KLM to inspect aircraft using drones

KLM Royal Dutch Airlines will use drones to perform visual aircraft inspections. To this end, the maintenance branch of KLM has entered into a partnership with the Dutch startup Mainblades. According to KLM, the new method is faster and safer, because maintenance employees no longer have to go up. As part of the collaboration, the technology will be further developed to enable other applications as well.

Automated process

The inspections are performed by a DJI M300 with a laser scanner and high-resolution camera on board. By means of AI, the camera images are checked for deviations other than regular wear and tear. The drone automatically performs the required flights around the aircraft. To this end, the sizes of different aircraft types are pre-programmed in the software.

Initially, the drones will be deployed to perform generic visual inspections and inspections for lightning strikes. It will also be investigated whether the drones can also carry out other types of inspections, such as paint checks and dent-and-buckle inspections. These are then visualized in the Mainblades app.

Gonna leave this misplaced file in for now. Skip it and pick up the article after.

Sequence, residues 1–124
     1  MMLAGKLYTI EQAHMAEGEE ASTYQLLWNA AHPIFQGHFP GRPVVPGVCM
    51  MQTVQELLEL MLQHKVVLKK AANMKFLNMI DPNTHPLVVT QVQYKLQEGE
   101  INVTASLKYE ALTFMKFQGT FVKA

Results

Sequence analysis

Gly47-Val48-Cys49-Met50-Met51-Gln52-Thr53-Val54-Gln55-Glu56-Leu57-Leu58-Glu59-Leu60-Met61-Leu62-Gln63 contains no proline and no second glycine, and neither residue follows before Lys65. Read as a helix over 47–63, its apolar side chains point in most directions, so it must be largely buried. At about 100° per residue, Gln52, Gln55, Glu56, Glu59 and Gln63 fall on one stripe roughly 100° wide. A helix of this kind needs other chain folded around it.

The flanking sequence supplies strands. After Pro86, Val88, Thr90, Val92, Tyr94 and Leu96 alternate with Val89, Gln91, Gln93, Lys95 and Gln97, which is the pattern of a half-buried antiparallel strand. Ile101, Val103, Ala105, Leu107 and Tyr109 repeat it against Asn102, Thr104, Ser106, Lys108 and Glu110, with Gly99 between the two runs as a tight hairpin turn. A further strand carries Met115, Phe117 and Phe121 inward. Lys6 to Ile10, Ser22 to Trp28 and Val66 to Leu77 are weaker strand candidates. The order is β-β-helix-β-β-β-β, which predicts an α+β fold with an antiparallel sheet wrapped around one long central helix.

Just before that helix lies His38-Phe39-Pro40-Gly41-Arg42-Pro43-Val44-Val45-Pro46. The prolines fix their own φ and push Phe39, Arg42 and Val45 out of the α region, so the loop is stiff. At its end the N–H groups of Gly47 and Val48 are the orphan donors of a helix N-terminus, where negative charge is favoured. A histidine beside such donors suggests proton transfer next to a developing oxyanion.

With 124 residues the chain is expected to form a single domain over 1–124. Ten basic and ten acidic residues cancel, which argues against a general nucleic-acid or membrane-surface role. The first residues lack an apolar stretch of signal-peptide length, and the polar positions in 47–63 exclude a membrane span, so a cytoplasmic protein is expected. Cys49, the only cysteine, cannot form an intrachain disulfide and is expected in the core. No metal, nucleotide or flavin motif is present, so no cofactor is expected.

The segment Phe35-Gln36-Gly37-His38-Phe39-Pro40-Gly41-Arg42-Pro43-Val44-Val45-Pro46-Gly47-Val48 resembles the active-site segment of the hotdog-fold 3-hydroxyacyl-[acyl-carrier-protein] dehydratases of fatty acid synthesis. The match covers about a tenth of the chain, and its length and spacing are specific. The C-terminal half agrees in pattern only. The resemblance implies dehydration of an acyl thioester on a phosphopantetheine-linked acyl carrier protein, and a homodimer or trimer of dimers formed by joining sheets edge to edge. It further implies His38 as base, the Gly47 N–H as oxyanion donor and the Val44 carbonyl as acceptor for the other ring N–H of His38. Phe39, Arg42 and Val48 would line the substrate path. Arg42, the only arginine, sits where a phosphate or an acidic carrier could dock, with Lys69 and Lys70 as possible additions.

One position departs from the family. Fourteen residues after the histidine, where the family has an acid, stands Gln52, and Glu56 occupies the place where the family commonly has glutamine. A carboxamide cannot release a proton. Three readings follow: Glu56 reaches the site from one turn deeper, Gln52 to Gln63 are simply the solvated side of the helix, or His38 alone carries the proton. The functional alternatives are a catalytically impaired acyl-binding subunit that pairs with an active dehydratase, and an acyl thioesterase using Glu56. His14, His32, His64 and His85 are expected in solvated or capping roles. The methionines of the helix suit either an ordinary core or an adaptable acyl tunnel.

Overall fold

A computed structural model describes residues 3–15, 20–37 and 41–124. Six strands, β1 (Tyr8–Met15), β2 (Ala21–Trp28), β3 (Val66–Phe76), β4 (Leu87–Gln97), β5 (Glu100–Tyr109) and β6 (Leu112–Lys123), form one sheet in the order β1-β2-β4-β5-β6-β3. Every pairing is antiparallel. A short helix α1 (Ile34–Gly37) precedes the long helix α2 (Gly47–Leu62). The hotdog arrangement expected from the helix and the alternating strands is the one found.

Test in the open air

Last summer, Mainblades’ software was tested for the first time at the Dutch Drone Center Aviolanda, in the open air of an active airport (Woensdrecht). That was a European first. Then a KLM Airbus A330 that was taken out of service was inspected. However, the solution can also be used in a closed hangar.

(cover photo: Mainblades)

Wiebe de Jager

Wiebe de Jager is the founder of Dronewatch (available in Dutch and English). Wiebe is an experienced drone pilot (EASA Specific category certified) and has published a number of bestselling books about drone photography and cinematography.

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